The Funny History Of Giving Someone The Middle Finger

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Vote up the facts about "flipping the bird" you can hardly believe.

Let's set the scene. You're livid, you want to scream at someone. But for some reason, you can't speak. What gesture do you give them? 

That's right - the good ol' middle finger comes immediately to mind, right? The middle finger has been known as a way to display anger for a very long time - going all the way back to ancient Greece. In fact, it's "one of the most ancient insult gestures known,” according to anthropologist Desmond Morris.

It doesn't take too much imagination to understand why “flipping the bird” became a common way to silently condemn someone. It's easy to see how the extension of the middle finger (with the rest of the hand in a closed fist) has a phallic nature to it. Read on to find out more.

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  • The Greeks Were Using The Finger As A Sign Of Disrespect As Early As The 5th Century BCE
    Photo: Giovan Battista Langetti / Wikimedia Commons / Public domain
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    The Greeks Were Using The Finger As A Sign Of Disrespect As Early As The 5th Century BCE

    When we say giving the middle finger is an old insult, we really mean it. Old as in ancient Greece - 2,500 years ago. 

    What's particularly amusing is that it wasn't a crude gesture being thrown around by just the crass lower class. One of the first recorded uses of the middle finger as an insult was by the Greek philosopher Diogenes - who threw up his middle finger to display his dislike of the orator Demosthenes. 

  • The Most Famous Middle Finger? Galileo's (Which Is Still Displayed To This Day)
    Photo: Plindenbaum / Wikimedia Commons / CC-BY-SA 3.0
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    The Most Famous Middle Finger? Galileo's (Which Is Still Displayed To This Day)

    We'd be remiss if we didn't mention the most famous of middle fingers - mostly because it's still displayed over 300 years after the owner's death. 

    The middle finger originally belonged to the one and only Galileo Galilei, scientist and astronomer extraordinaire. Almost a century after Galileo's death, in 1737, some very loyal followers removed three of his fingers (along with a tooth and vertebra) as the body was being transported to a tomb.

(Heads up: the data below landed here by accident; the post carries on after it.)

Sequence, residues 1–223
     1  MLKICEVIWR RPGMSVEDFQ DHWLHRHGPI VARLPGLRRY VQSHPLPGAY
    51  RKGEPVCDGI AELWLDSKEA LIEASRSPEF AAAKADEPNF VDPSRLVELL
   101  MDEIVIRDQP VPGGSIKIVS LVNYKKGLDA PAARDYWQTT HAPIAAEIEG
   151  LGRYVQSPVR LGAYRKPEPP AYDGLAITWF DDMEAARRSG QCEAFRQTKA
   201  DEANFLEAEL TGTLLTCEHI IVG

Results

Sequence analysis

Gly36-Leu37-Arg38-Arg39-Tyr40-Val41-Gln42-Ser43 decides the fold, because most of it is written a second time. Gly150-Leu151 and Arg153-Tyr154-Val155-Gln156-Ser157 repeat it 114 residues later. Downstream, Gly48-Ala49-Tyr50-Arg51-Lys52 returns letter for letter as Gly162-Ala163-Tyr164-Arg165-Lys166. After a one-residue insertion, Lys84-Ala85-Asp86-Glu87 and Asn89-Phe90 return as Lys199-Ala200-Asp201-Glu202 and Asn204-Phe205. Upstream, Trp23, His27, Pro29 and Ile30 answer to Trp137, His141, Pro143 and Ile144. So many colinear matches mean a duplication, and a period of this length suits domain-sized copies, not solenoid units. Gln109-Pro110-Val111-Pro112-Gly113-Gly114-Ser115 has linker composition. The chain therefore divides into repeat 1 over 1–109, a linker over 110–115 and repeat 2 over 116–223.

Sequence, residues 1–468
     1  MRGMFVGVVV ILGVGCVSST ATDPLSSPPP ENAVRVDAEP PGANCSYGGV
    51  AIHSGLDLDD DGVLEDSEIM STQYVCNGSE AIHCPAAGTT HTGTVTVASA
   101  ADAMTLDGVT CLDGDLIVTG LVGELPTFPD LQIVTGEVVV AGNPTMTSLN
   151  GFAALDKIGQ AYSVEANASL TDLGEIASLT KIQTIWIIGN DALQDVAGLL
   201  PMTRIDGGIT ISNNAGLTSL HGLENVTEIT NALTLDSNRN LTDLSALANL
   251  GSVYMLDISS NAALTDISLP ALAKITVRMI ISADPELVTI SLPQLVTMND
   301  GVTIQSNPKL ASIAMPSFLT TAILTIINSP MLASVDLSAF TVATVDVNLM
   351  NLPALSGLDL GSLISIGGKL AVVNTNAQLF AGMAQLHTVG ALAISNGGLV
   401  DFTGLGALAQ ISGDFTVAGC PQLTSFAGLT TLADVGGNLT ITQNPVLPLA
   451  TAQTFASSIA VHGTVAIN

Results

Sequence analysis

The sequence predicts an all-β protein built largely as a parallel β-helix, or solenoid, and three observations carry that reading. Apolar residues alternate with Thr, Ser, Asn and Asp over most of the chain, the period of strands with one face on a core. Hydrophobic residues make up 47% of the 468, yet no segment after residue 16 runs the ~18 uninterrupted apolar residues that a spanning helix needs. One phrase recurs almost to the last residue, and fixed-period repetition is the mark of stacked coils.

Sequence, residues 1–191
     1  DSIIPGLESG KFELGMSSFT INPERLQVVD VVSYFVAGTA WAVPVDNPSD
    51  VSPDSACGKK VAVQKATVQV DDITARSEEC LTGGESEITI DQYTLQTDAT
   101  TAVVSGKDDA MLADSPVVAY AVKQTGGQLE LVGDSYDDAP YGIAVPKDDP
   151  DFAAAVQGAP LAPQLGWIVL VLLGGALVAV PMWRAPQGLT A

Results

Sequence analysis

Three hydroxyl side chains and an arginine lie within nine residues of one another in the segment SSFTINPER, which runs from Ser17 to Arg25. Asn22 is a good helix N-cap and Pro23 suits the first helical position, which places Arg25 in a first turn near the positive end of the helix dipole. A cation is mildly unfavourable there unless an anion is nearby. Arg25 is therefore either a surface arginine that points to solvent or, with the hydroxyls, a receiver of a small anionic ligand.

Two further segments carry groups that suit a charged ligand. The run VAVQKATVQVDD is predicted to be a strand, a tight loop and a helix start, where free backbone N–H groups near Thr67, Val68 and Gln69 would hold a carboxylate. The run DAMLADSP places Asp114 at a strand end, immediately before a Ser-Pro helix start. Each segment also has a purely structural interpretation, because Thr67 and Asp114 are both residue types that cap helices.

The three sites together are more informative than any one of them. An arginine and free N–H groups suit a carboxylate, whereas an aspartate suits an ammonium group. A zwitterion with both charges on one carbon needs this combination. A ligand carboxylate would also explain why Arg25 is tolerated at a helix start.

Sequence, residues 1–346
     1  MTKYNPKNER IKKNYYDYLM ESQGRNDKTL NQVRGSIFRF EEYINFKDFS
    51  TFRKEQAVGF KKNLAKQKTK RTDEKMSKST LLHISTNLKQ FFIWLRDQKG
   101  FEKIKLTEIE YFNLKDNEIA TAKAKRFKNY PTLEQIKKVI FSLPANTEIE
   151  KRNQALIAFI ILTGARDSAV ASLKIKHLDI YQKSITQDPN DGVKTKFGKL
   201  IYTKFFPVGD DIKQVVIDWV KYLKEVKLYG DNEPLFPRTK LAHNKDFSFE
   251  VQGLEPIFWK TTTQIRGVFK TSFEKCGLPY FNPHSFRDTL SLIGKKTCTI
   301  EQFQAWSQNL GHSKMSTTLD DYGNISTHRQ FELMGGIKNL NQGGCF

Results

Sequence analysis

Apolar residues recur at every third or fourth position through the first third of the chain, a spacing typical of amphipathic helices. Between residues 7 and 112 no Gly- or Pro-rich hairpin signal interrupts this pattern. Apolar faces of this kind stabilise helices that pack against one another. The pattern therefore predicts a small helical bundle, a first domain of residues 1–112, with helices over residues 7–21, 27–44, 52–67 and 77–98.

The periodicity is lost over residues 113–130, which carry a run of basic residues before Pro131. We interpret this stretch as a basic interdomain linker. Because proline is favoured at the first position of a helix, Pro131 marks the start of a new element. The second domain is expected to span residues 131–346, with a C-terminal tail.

The middle finger was kept in a container with the thumb and tooth - and was passed down for generations within the same family. However, the family lost the container in the 1900s - only for it show up at auction in 2009. 

    The finger is now displayed at the Galileo Museum in Florence, Italy. 

  • As Late As The 1960s, The Finger Was Still Not A Universal Gesture
    Photo: Government of the Democratic People's Republic of Korea / Wikimedia Commons / Public domain
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    As Late As The 1960s, The Finger Was Still Not A Universal Gesture

    With such a storied history of being used throughout time, you'd think the middle finger was always a well-known gesture, right? Not quite. 

    In the Middle Ages, the gesture fell out of favor - likely due to the Catholic Church, which did not like its implied sexual nature. It picked up steam in different areas of the world over the past few centuries, but apparently this didn't include North Korea. 

    In 1968, the USS Pueblo was captured by North Korea. During the American crew's months-long detainment, North Korea would release photos of how well they were treating the sailors - as well as how mild-mannered the Americans were being. 

    However, the eagle-eyed American could easily spy that the crew was subtly flipping the bird to the camera in nearly every photograph. When the North Korean captors asked what this symbol was, the sailors claimed it was the Hawaiian good luck sign. 

  • A Sitting Vice President Flipped The Bird To Hecklers During A Presidential Campaign
    Photo: David Hume Kennerly / Wikimedia Commons / Public domain
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    A Sitting Vice President Flipped The Bird To Hecklers During A Presidential Campaign

    Likely the most famous bird flip in American politics comes from Nelson Rockefeller, Gerald Ford's vice president. 

    Rockefeller was at Binghamton University in New York for a campaign event when the famous flipping occurred. Unfortunately for the VP, a camera snapped a shot at the moment he lost his temper. 

    In 1976, this kind of thing was quite scandalous - and the incident even inspired the gesture to be called “The Rockefeller Salute.” (See the photo here.)